“We don’t want to laugh at the wolves,” said Pen jocularly. “And it might make them savage. I know I used to have a dog and I could always put him in a rage by laughing at him and calling him names.”

“And now you are laughing at me. I can’t help it. I am ashamed perhaps; but, knowing what I do about the wolves, and what our chaps have seen— Ugh! It’s horrid! There they go again. Let’s get lower down.”

“To where the French are lying in camp, so that they may get hold of us again? Nonsense, Punch! What was the good of our slipping away if it was only to give ourselves up?”

“But we didn’t know then that we should run up against these wolves.”

“We are not going to run up against them, Punch, but they are going to run away from us if we behave like men.”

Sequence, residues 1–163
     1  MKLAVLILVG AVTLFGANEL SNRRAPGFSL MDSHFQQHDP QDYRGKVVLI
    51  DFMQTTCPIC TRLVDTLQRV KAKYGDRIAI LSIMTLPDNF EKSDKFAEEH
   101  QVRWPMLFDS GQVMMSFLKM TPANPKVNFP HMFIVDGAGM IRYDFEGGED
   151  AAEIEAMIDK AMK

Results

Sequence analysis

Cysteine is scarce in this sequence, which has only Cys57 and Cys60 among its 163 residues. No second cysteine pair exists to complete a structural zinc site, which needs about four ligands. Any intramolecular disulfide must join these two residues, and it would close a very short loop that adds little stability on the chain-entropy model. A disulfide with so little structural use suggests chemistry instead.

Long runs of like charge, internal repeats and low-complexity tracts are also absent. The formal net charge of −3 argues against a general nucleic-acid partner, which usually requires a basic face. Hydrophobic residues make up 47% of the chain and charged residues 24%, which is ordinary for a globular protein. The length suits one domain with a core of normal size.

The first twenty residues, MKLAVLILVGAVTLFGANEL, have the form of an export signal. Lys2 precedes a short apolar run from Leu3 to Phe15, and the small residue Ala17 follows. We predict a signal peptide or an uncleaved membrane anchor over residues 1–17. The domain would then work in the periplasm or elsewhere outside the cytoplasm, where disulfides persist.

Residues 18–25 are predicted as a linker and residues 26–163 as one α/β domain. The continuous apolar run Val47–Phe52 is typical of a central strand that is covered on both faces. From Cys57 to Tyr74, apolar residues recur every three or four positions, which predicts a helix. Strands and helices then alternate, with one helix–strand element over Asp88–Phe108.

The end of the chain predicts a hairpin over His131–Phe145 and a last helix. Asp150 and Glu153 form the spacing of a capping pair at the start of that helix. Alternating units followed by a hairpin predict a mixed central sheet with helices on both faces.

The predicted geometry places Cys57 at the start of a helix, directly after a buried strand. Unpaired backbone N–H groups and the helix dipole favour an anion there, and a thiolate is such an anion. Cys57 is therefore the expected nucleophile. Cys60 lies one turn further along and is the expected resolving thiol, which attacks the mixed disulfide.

“But, don’t you see, I can’t behave like a man when I’m only a boy? Oh, there they go again!” half-whispered the poor fellow, who seemed thoroughly unnerved. “Come along, there’s a good chap.”

“No,” said Pen firmly. “You can’t behave like a man, but you can behave like a brave boy, and that’s what you are going to do. If we ever get back to our company you wouldn’t like me to tell the lads that you were so frightened by the howling of the wolves that you let me go on alone to face them, and—”

“Here, I say,” cried Punch excitedly, “you don’t mean to say that you would go on alone!”

“I mean to say I would,” said Pen firmly; “but I shall not have to, because you are coming on along with me.”